Psychology Behind Our Fascination Over The Brangelina Split

September 25, 2016


Nils Sautter via Flickr Creative Commons
When the news broke that Hollywood’s powerhouse couple Angelina Jolie and Brad Pitt (better known as #Brangelina) were parting ways due to “irreconcilable differences”, my social media feed went wild! I bet that the same thing happened to most of us.

Humanity processed the imminent doom of Brangelina’s relationship. Digital and physical publications were filled with the de-Brangelization headlines, which caused outbreaks of sadness and anger from the avid fans of these said celebrities. People all over the world were mourning. However, there were some people who cared less. My seemingly cool hippie cousin was one of them. 

As I was observing the reactions of most netizens, it made me ponder about the existence of the public’s fascination over celebrities and their relationships. Why do we care so much about the Brangelina split? 


With the help of Psychology, I shall look at the matter in three standpoints. 

They deviate from the norm. Brangelina was one of the few Hollywood couples who stood strong despite of the controversies and the general test of time.

Brad and Angelina redefined what constitutes a celebrity marriage as they manifested a relatively stable and drama-free life. Throughout the course of their relationship, they were perceived as a non-traditional couple. They kept dedicated spectators guessing about their plans of matrimony as they remained unwed for the majority of their period together. 

I can still recall the courageous decision that Angelina made when she underwent a double mastectomy in 2013. Two years down the road, she had her ovaries removed. All these were preventive surgeries in order to improve her longevity for the benefit of her family. Her husband supported her in every step of the way. They even shared their experiences publicly in one interview:



Ultimately, they used to be a testament of a desirable romance! 

They were perceived as successful beings. Our obsession toward the rich and famous is affected by evolution. Just analyze the species that are close to us - the primates.

One study by the researchers at Duke University showed that monkeys were able to sacrifice something they loved dearly in order to get a glimpse at the alphas.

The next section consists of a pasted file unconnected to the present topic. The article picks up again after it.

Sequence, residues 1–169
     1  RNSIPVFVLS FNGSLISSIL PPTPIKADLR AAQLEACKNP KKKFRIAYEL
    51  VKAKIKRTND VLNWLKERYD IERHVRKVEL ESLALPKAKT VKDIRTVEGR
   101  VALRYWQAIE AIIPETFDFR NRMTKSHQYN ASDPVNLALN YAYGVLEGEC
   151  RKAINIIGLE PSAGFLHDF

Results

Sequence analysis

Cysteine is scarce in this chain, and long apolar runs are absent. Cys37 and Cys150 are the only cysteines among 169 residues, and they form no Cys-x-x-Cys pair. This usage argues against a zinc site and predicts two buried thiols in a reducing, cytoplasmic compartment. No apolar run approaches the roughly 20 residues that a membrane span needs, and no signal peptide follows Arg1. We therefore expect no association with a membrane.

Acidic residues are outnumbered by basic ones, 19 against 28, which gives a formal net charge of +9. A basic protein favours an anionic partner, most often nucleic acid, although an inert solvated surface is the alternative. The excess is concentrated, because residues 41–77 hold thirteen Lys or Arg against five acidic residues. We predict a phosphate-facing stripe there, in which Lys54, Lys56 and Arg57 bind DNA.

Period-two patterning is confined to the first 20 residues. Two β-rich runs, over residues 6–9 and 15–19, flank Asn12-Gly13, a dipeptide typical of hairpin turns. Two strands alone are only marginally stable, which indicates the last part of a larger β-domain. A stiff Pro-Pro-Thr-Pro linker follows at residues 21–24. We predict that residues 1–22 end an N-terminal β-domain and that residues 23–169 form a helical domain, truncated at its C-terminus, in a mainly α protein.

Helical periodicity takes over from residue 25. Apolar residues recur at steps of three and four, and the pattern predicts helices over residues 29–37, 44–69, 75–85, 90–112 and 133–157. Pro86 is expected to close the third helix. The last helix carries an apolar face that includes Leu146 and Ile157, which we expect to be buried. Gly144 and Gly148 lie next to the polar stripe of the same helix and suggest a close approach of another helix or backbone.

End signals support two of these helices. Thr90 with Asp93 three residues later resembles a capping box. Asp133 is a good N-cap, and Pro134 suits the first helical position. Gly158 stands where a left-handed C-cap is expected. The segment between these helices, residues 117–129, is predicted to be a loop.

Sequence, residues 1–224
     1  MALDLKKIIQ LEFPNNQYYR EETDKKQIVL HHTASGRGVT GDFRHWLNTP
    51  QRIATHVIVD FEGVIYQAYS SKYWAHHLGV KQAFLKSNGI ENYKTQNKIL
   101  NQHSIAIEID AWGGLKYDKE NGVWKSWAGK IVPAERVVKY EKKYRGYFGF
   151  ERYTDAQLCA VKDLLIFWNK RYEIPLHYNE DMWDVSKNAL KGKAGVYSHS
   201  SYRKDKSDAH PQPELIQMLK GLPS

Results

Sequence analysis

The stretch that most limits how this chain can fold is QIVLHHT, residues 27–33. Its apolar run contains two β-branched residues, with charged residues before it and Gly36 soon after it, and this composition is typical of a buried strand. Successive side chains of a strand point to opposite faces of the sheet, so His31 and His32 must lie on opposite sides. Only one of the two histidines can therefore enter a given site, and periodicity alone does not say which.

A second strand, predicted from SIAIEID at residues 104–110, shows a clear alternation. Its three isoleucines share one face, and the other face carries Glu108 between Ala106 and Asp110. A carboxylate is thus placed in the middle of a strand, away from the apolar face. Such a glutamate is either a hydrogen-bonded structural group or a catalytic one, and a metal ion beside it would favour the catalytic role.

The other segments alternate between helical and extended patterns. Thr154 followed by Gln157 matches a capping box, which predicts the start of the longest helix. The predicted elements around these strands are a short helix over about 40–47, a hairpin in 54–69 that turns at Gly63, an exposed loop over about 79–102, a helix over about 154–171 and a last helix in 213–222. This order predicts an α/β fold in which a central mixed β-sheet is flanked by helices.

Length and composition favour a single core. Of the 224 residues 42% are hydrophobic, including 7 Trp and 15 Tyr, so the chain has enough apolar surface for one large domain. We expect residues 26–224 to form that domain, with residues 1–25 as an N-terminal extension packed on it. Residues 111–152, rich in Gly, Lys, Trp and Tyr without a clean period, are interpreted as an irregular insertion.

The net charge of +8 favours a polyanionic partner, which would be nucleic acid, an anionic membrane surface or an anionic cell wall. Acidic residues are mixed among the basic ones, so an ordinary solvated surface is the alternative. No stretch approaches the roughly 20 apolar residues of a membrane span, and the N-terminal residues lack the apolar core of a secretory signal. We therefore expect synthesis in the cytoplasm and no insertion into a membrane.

You see, the four monkeys were tasked to view the digital images of other monkeys that they knew. They were rewarded for every image that they stare at. They were given more cherry juice if they looked at the images of the "lower-status" monkeys. Despite this premise, the subjects were fixated by the power that the alphas exude.  

Our own version of the animal kingdom's alphas are the powerful personalities such as royalties, politicians, and celebrities. Evolution showed us that it was beneficial to pay attention to these people at the "top". Celebrity worship came as a result of this and was partly shaped by the modern technology. 

The Verge's Angela Chen encapsulated this sentiment perfectly as she wrote
"We’re really interested in stories about successful people because we think that by looking at people doing well, maybe you can learn something by figuring out their secrets..."

They have been in a “Parasocial Relationship”
.
W
e care about the high-profile divorce because we have been in a relationship with them and they just do not know it! 

Researchers Donald Horton and Richard Wohl coined a term for this special bond in their 1956 paper. Parasocial Relationship, according to them, is the one-sided attachment formed when there is intimacy at a distance. It occurs when one party extends emotional energy and time. However, the other party is absolutely unaware of the existence of the other party. Ain't that complicated?

A more recent study supported the potent effects of this unconventional relationship. Subjects who anticipated the loss of their favorite television characters felt negative reactions that were comparable to the negativity felt after the dissolution of social relationships. These reactions were associated with the subjects' attachment styles and the intensities of their Parasocial Relationship. For example, losing Walter White (of Breaking Bad) was much like parting ways with an old friend.



For most celebrities such as Brad and Angelina, the public builds their personalities by blending the characters they play onscreen and the images that they convey through the press. People dwell upon the preconceptions that they create about them. This is why their split seems closer to home

With the invention of social media, the boundary between the glistening icons and the humble admirers are getting grayer.

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2 comments

  1. Really great! I love your post.

    ReplyDelete
    Replies
    1. Thank you so much! Looking forward to delight you further as you read the upcoming posts.

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